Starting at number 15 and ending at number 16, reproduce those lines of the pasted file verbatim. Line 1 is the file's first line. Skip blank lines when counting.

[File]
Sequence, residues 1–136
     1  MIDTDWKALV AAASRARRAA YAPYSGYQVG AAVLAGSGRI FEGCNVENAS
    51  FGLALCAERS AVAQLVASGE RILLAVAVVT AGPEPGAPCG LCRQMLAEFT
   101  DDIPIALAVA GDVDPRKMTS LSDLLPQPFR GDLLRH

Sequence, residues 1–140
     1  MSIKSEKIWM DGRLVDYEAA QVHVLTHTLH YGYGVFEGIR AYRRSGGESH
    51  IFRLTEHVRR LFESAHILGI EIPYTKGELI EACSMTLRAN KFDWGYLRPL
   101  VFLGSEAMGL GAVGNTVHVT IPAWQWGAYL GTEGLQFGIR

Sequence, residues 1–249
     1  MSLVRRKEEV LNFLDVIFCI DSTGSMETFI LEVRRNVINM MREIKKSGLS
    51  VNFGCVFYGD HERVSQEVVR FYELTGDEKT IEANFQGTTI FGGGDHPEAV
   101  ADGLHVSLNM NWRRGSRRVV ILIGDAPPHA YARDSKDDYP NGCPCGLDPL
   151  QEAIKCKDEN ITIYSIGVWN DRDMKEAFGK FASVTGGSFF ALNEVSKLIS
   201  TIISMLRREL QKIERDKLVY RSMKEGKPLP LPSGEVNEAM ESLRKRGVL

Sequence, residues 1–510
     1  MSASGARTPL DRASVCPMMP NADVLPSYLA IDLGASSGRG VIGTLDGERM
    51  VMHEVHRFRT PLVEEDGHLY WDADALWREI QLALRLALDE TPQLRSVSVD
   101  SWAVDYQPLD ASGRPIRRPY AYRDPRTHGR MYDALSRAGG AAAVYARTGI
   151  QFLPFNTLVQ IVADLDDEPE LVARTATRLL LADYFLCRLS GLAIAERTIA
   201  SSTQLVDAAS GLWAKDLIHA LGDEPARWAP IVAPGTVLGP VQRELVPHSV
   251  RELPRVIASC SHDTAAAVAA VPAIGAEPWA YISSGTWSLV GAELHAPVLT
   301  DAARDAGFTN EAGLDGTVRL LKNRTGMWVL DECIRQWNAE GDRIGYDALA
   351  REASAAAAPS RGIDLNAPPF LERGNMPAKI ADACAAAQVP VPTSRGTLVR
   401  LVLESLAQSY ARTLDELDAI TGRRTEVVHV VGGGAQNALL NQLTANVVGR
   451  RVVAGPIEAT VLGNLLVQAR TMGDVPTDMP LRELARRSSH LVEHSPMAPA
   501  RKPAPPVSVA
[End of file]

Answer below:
Sequence, residues 1–510
     1  MSASGARTPL DRASVCPMMP NADVLPSYLA IDLGASSGRG VIGTLDGERM